Lord George Gordon Byron

'Let there be light!' said God, and there was light!' 'Let there be blood!' says man, and there's a sea!

'Tis done-but yesterday a King! And armed with Kings to strive- And now thou art a nameless thing: So abject-yet alive!

'Tis melancholy, and a fearful sign Of human frailty, folly, also crime, That love and marriage rarely can combine, Although they both are born in the same clime; Marriage from love, like vinegar from wine- A sad, sour, sober beverage-by time Is sharpened from its high celestial flavour, Down to a very homely household savour.

'Tis strange the mind, that very fiery particle, Should let itself be snuffed out by an article.

'Tis strange-but true; for truth is always strange; Stranger than fiction.

'Tis wonderful what fable will not do! 'Tis said it makes reality more bearable: But what's reality? Who has its clue? Philosophy? No; she too much rejects. Religion? Yes; but which of all her sects?

'Twas strange that one so young should thus concern His brain about the action of the sky; If you think 'twas philosophy that this did, I can't help thinking puberty assisted.

'Whom the gods love die young' was said of yore. And many deaths do they escape by this.

. . . That all-softening, overpowering knell, The tocsin of the soul-the dinner bell.

A drowsy frowzy poem, called the 'Excursion', writ' in a manner which is my aversion.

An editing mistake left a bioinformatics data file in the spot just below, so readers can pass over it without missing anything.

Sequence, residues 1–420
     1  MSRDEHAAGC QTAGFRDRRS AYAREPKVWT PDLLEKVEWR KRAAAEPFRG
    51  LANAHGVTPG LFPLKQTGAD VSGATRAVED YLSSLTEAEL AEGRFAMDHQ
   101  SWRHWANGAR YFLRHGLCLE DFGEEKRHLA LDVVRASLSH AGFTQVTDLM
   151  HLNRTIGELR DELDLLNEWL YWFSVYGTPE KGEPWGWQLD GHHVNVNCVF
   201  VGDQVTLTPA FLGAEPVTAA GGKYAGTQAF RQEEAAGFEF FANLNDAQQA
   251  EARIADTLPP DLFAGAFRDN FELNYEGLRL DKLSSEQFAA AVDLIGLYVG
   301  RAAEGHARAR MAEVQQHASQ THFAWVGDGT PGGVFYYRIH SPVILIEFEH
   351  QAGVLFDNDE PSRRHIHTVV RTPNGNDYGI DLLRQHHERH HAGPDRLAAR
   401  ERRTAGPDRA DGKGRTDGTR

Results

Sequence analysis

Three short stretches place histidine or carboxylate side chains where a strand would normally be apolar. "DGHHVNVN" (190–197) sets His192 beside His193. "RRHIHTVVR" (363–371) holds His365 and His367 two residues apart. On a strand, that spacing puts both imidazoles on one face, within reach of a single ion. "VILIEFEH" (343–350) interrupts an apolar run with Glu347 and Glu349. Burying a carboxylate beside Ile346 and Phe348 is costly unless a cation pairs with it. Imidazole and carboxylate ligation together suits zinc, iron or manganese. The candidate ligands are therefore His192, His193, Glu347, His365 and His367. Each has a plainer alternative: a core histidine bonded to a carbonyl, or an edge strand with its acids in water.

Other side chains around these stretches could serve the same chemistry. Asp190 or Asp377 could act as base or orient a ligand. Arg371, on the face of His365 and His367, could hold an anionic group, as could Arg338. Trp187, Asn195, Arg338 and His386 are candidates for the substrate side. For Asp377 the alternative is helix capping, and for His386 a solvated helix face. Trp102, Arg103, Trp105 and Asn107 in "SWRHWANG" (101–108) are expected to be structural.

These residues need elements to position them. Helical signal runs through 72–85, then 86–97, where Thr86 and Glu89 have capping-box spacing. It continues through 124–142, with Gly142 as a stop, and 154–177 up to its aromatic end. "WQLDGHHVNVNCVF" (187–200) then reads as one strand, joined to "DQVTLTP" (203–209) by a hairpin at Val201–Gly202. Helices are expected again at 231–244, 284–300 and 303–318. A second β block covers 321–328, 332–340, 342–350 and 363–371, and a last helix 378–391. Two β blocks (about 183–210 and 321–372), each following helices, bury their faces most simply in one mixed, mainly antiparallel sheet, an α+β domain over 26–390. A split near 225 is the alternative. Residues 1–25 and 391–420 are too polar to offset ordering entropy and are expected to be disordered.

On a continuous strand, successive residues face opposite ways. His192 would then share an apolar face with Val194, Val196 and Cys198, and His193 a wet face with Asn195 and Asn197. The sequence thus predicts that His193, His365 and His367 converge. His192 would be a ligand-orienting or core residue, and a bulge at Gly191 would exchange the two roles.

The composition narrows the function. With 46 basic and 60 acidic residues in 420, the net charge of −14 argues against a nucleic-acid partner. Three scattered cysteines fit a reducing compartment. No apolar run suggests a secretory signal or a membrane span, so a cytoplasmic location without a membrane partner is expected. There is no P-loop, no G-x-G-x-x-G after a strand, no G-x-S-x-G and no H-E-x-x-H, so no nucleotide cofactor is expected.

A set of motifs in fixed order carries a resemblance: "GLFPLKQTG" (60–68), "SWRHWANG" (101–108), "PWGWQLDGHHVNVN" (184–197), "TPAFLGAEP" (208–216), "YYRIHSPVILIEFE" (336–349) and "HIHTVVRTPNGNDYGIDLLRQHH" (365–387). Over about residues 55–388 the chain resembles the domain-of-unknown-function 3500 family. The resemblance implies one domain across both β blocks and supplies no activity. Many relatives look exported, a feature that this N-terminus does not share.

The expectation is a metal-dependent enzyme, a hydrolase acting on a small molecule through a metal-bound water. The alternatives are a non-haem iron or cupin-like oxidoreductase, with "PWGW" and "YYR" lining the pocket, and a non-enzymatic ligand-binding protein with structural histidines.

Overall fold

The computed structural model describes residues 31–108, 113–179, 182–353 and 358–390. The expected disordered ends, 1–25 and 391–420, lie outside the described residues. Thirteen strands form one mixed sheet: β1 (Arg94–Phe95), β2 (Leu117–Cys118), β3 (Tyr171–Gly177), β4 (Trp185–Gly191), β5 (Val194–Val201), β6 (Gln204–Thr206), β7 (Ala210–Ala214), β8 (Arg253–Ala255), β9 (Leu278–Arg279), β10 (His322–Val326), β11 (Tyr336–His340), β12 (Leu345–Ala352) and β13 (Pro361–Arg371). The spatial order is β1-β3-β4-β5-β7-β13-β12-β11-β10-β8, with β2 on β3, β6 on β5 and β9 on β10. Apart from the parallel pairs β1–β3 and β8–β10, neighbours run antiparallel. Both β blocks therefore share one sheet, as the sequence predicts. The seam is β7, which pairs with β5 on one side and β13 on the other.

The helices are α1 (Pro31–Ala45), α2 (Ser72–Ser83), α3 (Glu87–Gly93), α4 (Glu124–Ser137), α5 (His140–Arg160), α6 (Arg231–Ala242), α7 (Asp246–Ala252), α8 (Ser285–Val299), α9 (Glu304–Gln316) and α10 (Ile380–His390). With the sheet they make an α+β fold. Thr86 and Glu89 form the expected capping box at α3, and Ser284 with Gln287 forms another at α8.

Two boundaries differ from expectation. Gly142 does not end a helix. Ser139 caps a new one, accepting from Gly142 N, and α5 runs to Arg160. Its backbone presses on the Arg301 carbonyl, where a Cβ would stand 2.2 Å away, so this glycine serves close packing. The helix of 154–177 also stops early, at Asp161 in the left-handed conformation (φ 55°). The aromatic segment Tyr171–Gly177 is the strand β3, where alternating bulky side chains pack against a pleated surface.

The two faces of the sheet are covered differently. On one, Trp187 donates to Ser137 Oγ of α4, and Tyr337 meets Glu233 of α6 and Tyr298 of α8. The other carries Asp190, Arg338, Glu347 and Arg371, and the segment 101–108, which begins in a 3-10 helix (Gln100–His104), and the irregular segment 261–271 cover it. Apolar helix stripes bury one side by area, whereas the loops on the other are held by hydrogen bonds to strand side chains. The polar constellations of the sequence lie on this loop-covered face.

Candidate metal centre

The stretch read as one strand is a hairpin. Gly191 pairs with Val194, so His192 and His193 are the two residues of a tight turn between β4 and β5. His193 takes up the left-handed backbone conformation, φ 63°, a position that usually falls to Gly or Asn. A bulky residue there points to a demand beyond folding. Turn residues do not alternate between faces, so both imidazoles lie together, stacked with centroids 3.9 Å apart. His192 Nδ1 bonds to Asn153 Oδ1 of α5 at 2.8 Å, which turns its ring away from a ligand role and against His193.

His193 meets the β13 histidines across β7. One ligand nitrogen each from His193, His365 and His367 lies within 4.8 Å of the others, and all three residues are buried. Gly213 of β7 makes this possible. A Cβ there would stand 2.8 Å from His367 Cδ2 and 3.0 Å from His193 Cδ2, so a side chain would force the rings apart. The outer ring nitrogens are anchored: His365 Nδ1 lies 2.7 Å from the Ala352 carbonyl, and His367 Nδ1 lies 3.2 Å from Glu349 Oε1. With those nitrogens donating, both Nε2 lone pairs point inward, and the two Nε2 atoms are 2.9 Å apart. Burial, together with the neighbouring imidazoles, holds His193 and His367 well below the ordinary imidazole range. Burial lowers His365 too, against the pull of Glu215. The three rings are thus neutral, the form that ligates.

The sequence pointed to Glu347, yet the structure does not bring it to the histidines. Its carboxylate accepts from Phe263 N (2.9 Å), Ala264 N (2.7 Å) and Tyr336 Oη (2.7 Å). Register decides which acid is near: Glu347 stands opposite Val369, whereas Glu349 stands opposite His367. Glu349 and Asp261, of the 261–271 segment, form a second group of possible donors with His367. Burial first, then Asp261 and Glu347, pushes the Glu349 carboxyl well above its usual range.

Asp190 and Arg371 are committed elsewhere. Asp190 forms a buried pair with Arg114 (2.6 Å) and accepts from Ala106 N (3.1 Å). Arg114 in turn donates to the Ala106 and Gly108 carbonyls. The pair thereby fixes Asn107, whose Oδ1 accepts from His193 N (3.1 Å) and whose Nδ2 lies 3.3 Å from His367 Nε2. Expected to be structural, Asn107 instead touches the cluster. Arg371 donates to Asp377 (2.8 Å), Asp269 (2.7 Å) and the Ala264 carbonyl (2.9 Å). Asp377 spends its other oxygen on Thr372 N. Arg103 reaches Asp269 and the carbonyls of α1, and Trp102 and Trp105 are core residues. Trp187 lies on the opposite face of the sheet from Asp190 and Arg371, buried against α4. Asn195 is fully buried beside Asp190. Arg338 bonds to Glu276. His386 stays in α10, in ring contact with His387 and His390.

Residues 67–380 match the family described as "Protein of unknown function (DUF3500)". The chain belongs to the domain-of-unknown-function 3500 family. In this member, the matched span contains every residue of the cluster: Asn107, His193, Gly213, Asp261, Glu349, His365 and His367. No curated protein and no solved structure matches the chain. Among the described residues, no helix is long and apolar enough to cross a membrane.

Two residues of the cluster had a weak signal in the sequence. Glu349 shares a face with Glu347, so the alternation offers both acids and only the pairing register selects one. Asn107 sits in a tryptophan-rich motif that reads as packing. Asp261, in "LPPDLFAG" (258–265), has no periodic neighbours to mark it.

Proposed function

A lady of a 'certain age', which means Certainly aged.

A land of meanness, sophistry, and mist.

A little still she strove, and much repented, And whispering 'I will ne'er consent'-consented.

A lovely being, scarcely formed or moulded, A rose with all its sweetest leaves yet folded.

A man must serve his time to every trade Save censure-critics all are ready made. Take hackneyed jokes from Miller, got by rote, With just enough of learning to misquote.

A panoramic view of hell's in training, After the style of Virgil and of Homer, So that my name of Epic's no misnomer.

A pretty woman as was ever seen, Fresh as the Angel o'er a new inn door.

A quiet conscience makes one so serene.

A ruin-yet what ruin! from its mass Walls, palaces, half-cities, have been reared.

A solitary shriek, the bubbling cry Of some strong swimmer in his agony.

A thousand years scarce serve to form a state; an hour my lay it in the dust.

Adieu, adieu! my native shore Fades o'er the waters blue.

Adversity is the first path to truth.

Alas! our young affections run to waste, Or water but the desert.

Alas! the love of women! it is known To be a lovely and a fearful thing!

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